Friday, February 28, 2014

Battles for His throne


On this the last day of my study concerning idols, I must affirm John Calvin’s statement that the human heart is an idol-making factory. My heart constantly battles substitutes that claim its throne as  thoughts and all sorts of lesser gods try to rule instead of Jesus Christ. It’s easy to see that this could be a continual battle. If Satan cannot find a way in, the world and its allure will tempt me, and if that cannot put an idol on the throne, then my own sinful desires will do it.

Jesus shows me how to deal with these usurpers. The first one is Satan . . .

Then Jesus was led up by the Spirit into the wilderness to be tempted by the devil. And after fasting forty days and forty nights, he was hungry. And the tempter came and said to him, “If you are the Son of God, command these stones to become loaves of bread.” But he answered, “It is written, “ ‘Man shall not live by bread alone, but by every word that comes from the mouth of God.’ ” Then the devil took him to the holy city and set him on the pinnacle of the temple and said to him, “If you are the Son of God, throw yourself down, for it is written, “ ‘He will command his angels concerning you,’ and “ ‘On their hands they will bear you up, lest you strike your foot against a stone.’ ” Jesus said to him, “Again it is written, ‘You shall not put the Lord your God to the test.’ ” Again, the devil took him to a very high mountain and showed him all the kingdoms of the world and their glory. And he said to him, “All these I will give you, if you will fall down and worship me.” Then Jesus said to him, “Be gone, Satan! For it is written, “ ‘You shall worship the Lord your God and him only shall you serve.’ ” Then the devil left him, and behold, angels came and were ministering to him. (Matthew 4:1–11)

One great comfort from this passage is that temptation is not from God but it can be allowed by God. The Holy Spirit led Jesus into this. In my case, my sinful self is often the culprit, but God is in charge of my life. He can “lead me not into temptation” if that is His plan. Jesus’ obedience was tested as God’s Son. In similar ways, all God’s other children are tested. Where often fail, but His success sets a pattern for us.

As for the attacks and allurements of the world, the Word of God comes to my aid with this . . .

Do not love the world or the things in the world. If anyone loves the world, the love of the Father is not in him. For all that is in the world—the desires of the flesh and the desires of the eyes and pride of life—is not from the Father but is from the world. And the world is passing away along with its desires, but whoever does the will of God abides forever. (1 John 2:15–17)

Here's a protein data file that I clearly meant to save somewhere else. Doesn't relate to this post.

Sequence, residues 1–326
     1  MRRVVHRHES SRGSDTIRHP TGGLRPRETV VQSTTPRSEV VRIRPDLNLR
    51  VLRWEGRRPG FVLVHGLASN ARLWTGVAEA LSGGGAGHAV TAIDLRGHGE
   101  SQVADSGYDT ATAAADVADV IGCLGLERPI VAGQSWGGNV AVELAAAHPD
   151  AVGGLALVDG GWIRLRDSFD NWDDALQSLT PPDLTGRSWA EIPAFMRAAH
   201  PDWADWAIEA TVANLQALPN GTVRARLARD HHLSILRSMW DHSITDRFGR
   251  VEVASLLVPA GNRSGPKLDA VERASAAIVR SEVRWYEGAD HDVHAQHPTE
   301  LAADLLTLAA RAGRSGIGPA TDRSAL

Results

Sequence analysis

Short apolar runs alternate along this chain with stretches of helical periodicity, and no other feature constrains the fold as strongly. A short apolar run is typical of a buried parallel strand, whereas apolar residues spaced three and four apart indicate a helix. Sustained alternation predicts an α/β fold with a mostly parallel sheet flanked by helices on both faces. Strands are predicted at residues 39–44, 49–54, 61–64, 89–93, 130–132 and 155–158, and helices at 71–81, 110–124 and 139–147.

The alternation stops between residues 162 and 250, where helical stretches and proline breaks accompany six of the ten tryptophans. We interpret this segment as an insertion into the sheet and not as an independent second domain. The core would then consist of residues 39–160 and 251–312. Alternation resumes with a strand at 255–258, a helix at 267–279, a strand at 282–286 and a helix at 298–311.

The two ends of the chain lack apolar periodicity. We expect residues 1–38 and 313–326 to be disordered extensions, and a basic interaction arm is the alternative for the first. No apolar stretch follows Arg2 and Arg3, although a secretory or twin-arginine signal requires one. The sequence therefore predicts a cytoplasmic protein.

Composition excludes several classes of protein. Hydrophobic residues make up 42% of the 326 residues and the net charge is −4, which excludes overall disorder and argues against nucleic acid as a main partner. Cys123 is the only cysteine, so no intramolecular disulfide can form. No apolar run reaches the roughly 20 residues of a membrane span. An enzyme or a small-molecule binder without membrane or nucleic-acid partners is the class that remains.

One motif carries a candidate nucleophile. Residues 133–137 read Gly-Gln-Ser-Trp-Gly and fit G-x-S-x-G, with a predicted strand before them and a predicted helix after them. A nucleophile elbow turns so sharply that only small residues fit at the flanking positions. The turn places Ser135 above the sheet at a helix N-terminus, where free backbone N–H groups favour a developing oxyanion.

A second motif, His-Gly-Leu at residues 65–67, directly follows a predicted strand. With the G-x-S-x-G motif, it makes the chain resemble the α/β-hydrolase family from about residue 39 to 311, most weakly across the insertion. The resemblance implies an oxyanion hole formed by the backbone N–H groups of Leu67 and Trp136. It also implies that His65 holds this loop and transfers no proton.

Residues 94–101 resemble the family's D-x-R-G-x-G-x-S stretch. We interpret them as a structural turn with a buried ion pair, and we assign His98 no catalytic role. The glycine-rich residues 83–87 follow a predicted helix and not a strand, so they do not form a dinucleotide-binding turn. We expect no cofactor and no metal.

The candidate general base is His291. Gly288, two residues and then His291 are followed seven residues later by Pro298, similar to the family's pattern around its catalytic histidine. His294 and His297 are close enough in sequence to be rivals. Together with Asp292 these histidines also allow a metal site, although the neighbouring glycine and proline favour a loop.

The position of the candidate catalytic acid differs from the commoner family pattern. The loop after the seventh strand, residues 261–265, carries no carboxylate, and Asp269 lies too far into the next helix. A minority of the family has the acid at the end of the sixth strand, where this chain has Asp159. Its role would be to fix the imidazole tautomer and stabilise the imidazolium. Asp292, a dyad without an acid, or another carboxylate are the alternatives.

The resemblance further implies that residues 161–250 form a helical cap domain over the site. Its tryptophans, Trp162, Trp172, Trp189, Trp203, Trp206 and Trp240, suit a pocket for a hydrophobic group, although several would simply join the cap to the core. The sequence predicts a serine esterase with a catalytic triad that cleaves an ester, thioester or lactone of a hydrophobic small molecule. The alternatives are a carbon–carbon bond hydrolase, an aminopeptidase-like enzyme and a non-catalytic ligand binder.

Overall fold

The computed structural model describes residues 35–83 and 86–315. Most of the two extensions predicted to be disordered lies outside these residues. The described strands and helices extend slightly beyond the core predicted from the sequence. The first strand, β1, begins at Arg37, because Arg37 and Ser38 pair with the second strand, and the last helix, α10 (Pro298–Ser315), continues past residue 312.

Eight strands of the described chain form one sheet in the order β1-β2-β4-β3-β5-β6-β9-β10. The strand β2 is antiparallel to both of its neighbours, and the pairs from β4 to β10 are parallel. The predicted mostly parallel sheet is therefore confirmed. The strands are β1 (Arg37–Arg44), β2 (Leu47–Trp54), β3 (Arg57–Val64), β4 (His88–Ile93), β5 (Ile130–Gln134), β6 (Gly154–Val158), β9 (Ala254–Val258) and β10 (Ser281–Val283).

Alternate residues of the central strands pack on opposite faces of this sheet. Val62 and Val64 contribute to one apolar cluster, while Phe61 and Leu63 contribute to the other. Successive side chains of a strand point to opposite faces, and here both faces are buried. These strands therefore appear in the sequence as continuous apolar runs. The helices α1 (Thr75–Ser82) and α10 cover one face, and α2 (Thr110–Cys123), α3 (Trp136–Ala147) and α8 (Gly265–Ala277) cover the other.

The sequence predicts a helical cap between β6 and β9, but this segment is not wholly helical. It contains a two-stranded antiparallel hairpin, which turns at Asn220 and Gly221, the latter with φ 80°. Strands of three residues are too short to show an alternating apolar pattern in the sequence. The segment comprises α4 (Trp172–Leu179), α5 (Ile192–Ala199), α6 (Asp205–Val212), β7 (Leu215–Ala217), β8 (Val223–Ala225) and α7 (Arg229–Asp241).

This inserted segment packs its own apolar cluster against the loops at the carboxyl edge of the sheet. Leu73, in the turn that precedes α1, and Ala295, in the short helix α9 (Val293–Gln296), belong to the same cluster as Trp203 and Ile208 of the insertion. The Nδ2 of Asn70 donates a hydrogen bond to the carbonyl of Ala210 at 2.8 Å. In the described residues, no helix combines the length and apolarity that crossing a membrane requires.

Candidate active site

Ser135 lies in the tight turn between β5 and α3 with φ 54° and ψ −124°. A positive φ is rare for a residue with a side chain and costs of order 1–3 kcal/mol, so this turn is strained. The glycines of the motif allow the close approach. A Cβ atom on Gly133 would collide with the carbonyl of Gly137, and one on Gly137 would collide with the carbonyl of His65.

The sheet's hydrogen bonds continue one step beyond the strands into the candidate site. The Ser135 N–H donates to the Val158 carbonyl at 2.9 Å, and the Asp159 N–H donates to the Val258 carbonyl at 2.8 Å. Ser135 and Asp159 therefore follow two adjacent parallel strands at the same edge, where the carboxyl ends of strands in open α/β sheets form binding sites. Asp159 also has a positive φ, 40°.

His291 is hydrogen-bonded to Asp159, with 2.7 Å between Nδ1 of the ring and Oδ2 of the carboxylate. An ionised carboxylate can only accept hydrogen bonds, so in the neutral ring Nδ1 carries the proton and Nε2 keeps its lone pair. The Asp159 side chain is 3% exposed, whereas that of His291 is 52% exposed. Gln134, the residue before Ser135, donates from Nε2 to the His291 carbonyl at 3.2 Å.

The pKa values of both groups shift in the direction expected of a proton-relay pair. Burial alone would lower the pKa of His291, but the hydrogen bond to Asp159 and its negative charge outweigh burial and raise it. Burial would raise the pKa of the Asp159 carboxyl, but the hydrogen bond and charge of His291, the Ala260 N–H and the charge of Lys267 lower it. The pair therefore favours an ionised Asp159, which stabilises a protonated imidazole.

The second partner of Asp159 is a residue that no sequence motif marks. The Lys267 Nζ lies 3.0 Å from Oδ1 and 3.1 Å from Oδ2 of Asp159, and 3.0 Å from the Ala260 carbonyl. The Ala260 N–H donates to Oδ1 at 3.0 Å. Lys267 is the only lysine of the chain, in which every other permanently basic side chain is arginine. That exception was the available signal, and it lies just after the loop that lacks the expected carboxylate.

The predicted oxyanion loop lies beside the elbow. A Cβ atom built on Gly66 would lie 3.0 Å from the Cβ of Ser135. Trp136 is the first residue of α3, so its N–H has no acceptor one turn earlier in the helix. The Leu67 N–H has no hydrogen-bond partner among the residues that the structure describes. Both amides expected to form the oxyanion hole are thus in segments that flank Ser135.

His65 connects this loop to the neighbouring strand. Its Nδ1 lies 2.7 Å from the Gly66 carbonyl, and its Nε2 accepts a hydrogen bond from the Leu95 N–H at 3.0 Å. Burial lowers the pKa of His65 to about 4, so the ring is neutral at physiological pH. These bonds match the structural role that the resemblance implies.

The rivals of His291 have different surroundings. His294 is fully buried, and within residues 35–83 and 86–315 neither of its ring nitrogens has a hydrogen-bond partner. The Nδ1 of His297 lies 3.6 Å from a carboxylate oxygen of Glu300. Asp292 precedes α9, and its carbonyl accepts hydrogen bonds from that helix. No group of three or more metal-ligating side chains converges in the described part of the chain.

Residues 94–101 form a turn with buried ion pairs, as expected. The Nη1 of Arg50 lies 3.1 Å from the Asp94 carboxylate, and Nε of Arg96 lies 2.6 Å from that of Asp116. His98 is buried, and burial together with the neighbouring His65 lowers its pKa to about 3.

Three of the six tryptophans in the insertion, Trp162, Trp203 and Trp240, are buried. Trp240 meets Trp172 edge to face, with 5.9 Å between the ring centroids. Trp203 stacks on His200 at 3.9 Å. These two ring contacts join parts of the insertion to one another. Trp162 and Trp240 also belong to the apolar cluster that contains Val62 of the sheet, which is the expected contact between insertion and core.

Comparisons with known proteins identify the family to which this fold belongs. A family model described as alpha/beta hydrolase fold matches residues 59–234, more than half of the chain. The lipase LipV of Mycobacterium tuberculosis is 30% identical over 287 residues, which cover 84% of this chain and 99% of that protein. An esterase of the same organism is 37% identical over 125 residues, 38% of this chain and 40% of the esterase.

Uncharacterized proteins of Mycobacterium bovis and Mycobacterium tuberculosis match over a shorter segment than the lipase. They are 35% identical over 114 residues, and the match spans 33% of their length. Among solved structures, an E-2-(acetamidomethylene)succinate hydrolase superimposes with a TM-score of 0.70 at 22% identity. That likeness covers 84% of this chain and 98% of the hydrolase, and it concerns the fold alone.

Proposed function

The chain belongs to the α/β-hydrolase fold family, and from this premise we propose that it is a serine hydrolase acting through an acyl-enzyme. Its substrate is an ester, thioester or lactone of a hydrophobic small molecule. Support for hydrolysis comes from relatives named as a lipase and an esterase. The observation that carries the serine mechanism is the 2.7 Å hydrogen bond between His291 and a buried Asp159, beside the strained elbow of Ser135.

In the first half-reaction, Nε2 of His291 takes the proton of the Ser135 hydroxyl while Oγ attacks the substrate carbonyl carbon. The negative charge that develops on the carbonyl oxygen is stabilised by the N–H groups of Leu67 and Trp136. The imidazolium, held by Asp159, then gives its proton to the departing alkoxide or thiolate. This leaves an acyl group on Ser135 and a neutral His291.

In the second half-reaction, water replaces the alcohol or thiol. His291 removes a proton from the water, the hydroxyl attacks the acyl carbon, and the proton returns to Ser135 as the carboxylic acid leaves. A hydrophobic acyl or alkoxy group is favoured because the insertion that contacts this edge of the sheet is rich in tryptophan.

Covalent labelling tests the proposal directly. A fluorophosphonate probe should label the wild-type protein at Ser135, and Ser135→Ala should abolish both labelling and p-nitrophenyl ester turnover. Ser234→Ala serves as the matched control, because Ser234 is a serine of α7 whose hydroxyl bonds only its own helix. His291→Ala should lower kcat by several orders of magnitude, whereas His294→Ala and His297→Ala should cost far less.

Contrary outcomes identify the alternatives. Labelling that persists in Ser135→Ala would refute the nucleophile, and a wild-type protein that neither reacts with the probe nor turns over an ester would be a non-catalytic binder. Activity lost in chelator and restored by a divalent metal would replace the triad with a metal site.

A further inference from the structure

All idol-provoking forces must be challenged by truth from the Word of God as most of my battle is in the mind. For that, God says, “. . . by the mercies of God, present your bodies as a living sacrifice, holy and acceptable to God, which is your spiritual worship. Do not be conformed to this world, but be transformed by the renewal of your mind, that by testing you may discern what is the will of God, what is good and acceptable and perfect.” (Romans 12:1–2) Again, the Word of God is my weapon.

In using it, those battles require me to reinforce my heart by putting off those passions and patterns that leave me open to idol-making . . .

If then you have been raised with Christ, seek the things that are above, where Christ is, seated at the right hand of God. Set your minds on things that are above, not on things that are on earth. For you have died, and your life is hidden with Christ in God. When Christ who is your life appears, then you also will appear with him in glory. Put to death therefore what is earthly in you: sexual immorality, impurity, passion, evil desire, and covetousness, which is idolatry. On account of these the wrath of God is coming. In these you too once walked, when you were living in them. But now you must put them all away: anger, wrath, malice, slander, and obscene talk from your mouth. Do not lie to one another, seeing that you have put off the old self with its practices and have put on the new self, which is being renewed in knowledge after the image of its creator. (Colossians 3:1–10)

More verses describe what to “put on” such as: compassion, kindness, humility, meekness, patience, forgiveness, and love, a list that focuses on godly attitudes and actions that will put keep me on the side of righteousness. It concludes, “And whatever you do, in word or deed, do everything in the name of the Lord Jesus, giving thanks to God the Father through him.” (Colossians 3:17)

My heart has times of calm where Jesus joyfully fills me with Himself. But that throne is often threatened by other usurpers, more or different than before, and the tests begin. While I suspect this war will go on throughout life, He has promised to never leave or forsake me, and that I am more than a conqueror because of His mercy and grace.


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